Reflecting on Experience Yale-NUS Weekend

HandsBy Evannia Handoyo, Yale-NUS College ’17 – See bio

What do most people say when you tell them you’re going to Yale-NUS College in the fall of 2013?

“You mean NUS?”

“No, I mean Yale-NUS.”

“…Yale University?”

With all the media attention Yale-NUS received last April (and the months thereafter), it is still quite a shame how many people do not know about this exciting educational adventure. The underlying theme in most responses is confusion. I’ve always wished for more time to explain to the sirs/ma’ams/aunties just what Yale-NUS College is….and what my hopes are for what it will become.

I would say, Yale-NUS College is going to be the first liberal arts school to be built in Singapore, offering a unique common curriculum. The educational scope in the first two years of study will include topics such as scientific inquiry, literature and humanities, political and philosophical thought. At the moment, a team of select faculty are “incubating” at Yale University  designing  this common curriculum.  It will not only cover the Western basics of a liberal arts education, but also emphasise Eastern schools of thought. Works like the Analects of Confucius, the Ramayana, and The Art of War will not only be a feature but a core part of the student’s learning. The vision is this: “A community of learning, founded by two great universities, in Asia, for the world.”

So that’s the core idea behind Yale-NUS College. However, ideas are nothing without the people who realize them. Experience Yale-NUS Weekend, held on January 18-20, 2013, was my chance to finally meet these people. As prospective students gathered in Singapore from 20 different countries, unbelievable things occurred.  It could only be described as nothing short of magical. After three short days, I left with two impressions from the people I met and the things I experienced.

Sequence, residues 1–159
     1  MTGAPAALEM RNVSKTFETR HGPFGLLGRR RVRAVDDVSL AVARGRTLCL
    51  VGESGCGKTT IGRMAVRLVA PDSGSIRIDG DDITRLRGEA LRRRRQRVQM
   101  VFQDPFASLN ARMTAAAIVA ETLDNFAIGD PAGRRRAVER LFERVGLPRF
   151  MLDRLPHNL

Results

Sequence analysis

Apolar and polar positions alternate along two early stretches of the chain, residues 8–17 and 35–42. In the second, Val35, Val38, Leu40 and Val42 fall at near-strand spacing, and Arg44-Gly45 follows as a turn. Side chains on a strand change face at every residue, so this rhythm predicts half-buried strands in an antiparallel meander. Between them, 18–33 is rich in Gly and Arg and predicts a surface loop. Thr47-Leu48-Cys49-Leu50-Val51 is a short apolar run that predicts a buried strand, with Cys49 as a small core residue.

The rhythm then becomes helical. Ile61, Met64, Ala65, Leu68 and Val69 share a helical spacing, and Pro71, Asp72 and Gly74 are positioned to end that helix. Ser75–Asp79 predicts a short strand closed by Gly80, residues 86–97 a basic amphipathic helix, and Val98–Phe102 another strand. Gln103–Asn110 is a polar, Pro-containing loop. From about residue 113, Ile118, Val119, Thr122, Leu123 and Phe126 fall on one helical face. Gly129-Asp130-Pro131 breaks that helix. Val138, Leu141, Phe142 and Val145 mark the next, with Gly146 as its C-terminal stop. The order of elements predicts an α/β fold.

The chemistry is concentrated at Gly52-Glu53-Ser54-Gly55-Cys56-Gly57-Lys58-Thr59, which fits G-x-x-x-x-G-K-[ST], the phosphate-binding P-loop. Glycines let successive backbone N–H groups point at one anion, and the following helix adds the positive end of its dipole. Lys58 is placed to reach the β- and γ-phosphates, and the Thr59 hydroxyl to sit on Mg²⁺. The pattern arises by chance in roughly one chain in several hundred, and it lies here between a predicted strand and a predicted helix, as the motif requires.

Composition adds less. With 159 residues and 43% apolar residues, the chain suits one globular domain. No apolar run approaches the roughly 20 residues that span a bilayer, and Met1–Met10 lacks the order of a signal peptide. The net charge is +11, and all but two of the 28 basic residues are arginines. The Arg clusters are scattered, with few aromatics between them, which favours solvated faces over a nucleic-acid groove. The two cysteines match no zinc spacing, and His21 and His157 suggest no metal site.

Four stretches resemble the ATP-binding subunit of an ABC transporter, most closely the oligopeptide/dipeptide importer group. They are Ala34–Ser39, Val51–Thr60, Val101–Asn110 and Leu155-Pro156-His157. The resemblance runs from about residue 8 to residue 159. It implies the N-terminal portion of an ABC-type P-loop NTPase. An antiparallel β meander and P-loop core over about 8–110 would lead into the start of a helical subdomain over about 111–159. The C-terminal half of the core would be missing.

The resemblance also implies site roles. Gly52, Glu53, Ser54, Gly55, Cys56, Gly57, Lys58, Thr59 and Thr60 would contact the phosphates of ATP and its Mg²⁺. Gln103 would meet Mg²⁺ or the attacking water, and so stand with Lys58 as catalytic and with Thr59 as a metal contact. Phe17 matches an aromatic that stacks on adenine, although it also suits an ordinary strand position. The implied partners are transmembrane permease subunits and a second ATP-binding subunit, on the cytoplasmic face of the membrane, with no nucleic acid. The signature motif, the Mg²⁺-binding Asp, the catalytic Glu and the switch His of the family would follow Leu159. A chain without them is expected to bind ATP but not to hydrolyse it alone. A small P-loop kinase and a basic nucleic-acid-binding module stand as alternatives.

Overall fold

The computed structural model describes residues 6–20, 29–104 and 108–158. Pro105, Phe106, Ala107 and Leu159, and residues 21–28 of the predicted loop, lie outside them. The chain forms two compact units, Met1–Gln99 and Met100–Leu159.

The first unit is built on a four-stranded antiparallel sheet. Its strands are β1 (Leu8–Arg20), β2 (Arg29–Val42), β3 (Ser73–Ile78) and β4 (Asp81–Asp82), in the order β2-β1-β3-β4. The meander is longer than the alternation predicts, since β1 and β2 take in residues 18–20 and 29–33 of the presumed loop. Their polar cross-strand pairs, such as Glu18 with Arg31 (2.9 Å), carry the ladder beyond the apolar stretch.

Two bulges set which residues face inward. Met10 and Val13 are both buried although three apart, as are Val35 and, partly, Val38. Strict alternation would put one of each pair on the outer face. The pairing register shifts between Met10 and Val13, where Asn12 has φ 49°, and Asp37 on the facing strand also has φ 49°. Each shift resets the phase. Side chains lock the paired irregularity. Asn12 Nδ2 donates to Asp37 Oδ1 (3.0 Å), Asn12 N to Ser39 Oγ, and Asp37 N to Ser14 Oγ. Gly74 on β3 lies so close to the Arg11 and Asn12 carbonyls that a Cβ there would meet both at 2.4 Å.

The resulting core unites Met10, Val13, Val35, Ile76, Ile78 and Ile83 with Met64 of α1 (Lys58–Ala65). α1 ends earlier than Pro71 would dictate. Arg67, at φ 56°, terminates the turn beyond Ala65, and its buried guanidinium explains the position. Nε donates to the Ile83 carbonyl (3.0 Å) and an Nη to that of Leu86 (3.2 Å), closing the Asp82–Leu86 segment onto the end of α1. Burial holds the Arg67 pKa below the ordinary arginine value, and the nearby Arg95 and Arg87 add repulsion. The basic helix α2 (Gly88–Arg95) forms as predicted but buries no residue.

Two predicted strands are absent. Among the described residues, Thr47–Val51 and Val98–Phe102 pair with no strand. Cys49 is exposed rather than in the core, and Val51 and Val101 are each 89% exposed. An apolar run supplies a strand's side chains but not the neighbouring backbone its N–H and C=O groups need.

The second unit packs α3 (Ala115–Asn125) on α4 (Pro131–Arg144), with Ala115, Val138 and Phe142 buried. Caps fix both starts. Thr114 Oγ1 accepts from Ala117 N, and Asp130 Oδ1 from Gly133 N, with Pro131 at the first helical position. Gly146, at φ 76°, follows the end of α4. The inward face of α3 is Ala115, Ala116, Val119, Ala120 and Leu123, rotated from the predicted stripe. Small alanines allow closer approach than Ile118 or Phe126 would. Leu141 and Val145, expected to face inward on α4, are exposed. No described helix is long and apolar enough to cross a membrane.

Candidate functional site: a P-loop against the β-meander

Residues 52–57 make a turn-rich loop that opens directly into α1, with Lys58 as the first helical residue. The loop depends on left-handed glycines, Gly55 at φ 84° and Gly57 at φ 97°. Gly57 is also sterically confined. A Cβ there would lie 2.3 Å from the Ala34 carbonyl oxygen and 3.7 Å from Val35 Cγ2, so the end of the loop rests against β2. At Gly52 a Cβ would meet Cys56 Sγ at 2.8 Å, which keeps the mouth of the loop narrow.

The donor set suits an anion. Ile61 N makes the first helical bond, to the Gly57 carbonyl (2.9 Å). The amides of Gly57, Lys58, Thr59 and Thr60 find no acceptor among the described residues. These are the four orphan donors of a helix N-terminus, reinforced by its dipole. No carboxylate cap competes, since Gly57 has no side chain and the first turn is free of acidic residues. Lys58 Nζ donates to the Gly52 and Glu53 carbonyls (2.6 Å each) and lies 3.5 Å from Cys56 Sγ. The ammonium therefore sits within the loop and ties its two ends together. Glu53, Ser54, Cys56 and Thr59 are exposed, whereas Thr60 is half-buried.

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The first is that we found kindred spirits in each other. Not that any of the students or faculty members were exactly the same—there were students from AP classes, public schools, and the IB Program; there were concert pianists and charity founders and fashion entrepreneurs; there were foodies and music enthusiasts, and science geeks; there were archeologists and biologists and classicists—yet we all found common ground. We found no competition or arrogance, just a shared excitement and passion in learning together and from each other. Yale-NUS will be a place where knowledge is not just repeated from a lecturer to his/her students, but where knowledge is shared, discussed, processed, experimented with and applied. It will be a place where professors and students sit together in classes, where “any question may be asked, and any answer discussed”.

The second impression I came away with was the profound reality of beginning with tabula rasa—a completely blank slate.  Once we realized that Yale-NUS doesn’t have an identity or a set of traditions or a set of rules…the possibilities suddenly became endless. Are written exams the only way of assessing knowledge? What is the purpose of having a student government with a student elected leader? Who will be our mascot, the cute Brazilian mammal or the clever star of SouthEast Asian folklore? We get the unique chance to ask these questions, and we get to decide—we get to invent new ways to structure our extra-curricular activities, plan our student government, and give feedback to the faculty. Most important of all, we get to bring our diverse backgrounds and experiences together to decide who we are as a living, breathing, learning unit.

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I remember how dull, uninteresting, and repetitive it was to fill out my school applications a year ago. School rankings, reviews, and identities blurred into one big blob in my head. Yale-NUS was the road less traveled by. When I look back at the resistance it has faced, it is clear that the resistance has helped shape Yale-NUS into what it is today. Risk is present in any great adventure; moreover, it is essential in any great adventure.

In this day and age, who can put a price on being part of the founding of a new college? When I begin to doubt my choice in accepting the offer to go to Yale-NUS, I remember a (future) classmate’s remark: “Ask yourself, will you regret not choosing to grasp this opportunity in 10 years time?” Take the red pill and tumble down the rabbit hole. You definitely won’t regret it.

One comment

  1. Beautifully written. I’ll be visiting this month and can’t wait to experience this!

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